by Fran Spielman via chicagosuntimes.com
Four Englewood teenagers coerced into confessing to a rape and murder they did not commit before being exonerated by DNA evidence will divide a $31 million settlement from Chicago taxpayers, one of the largest in the city’s history.
Michael Saunders, Vincent Thames, Harold Richardson and Terrill Swift were between 15 and 18 when they were arrested for the November 1994 murder of Nina Glover. An autopsy concluded that the 30-year-old prostitute had been strangled. Her naked body was discovered behind a liquor store at 1400 W. Garfield wrapped in a bloody sheet and stuffed in a dumpster.
In 2011, a judge overturned the conviction of the “Englewood Four,” freeing Richardson and Saunders after they spent 17 years behind bars. Swift and Thames, who served more than a dozen years, had already been released.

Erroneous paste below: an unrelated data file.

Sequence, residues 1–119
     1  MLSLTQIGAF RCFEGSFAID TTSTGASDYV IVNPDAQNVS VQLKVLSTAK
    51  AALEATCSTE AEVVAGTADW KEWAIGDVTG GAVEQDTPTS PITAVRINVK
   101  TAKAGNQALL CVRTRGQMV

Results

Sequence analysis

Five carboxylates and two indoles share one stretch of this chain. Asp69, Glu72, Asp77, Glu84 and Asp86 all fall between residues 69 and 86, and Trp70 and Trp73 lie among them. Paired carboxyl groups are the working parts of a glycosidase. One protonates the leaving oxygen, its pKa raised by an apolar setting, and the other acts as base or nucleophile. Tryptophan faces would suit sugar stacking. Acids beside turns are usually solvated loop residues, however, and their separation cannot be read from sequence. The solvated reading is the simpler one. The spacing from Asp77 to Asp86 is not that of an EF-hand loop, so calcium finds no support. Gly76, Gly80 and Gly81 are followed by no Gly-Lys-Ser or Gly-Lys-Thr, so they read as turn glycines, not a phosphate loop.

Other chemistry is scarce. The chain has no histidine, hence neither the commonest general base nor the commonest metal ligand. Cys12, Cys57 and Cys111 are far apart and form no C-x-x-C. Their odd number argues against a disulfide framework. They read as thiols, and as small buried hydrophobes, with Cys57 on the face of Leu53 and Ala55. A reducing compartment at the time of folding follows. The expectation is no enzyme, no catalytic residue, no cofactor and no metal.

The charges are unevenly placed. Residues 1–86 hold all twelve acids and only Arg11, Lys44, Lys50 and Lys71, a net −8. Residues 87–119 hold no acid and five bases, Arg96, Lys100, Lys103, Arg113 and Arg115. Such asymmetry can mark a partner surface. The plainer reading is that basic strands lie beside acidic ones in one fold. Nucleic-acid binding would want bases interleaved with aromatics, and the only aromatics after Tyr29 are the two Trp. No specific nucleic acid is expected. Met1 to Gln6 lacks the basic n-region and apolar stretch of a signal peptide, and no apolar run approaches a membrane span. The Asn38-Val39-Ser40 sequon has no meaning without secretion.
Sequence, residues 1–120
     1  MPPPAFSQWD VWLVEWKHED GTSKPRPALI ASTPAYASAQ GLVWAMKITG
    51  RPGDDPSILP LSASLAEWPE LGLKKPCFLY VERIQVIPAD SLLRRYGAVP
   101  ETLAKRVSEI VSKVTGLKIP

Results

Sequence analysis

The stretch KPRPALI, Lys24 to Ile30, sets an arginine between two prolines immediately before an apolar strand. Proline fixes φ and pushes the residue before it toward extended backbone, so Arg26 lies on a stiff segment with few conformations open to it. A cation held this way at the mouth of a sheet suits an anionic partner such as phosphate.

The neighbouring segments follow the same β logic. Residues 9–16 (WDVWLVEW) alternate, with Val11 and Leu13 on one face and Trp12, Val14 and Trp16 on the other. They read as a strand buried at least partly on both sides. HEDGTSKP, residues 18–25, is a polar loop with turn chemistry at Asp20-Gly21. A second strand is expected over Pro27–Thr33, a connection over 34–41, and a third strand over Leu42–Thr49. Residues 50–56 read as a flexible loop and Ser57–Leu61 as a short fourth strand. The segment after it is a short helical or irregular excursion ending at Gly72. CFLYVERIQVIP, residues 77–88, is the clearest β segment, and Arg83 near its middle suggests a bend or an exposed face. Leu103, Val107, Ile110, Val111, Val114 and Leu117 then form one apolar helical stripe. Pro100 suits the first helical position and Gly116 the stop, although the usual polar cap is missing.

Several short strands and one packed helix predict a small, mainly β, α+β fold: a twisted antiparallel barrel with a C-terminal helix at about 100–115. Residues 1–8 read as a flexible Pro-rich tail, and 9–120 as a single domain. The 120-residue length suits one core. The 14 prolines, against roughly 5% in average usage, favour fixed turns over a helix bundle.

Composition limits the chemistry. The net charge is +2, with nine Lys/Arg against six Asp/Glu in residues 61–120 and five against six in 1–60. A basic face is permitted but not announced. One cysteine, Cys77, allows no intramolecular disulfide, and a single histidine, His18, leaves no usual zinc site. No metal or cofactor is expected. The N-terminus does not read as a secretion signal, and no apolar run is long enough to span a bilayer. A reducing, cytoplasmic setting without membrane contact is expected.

“These were four young men who no way possible they could have committed the crime they were manipulated and coerced into confessing to. They all spent . . . over a decade in prison for something they didn’t do. The number is very large and the magnitude of the injury is very large,” said attorney Locke Bowman, who represented Swift.
Bowman said the $31 million settlement would not have been possible if former assistant state’s attorney Terence Johnson hadn’t “broken ranks from the other law enforcement personnel” and provided a statement to the FBI that confirmed what the Englewood Four had long maintained.
“This was psychological coercion primarily in all four of the cases. They were tricked and coerced into confessing . . . They were fed the information. And they were the victims of police overreaching,” Bowman said Friday.
— Chicago Tribune (@chicagotribune) July 21, 2017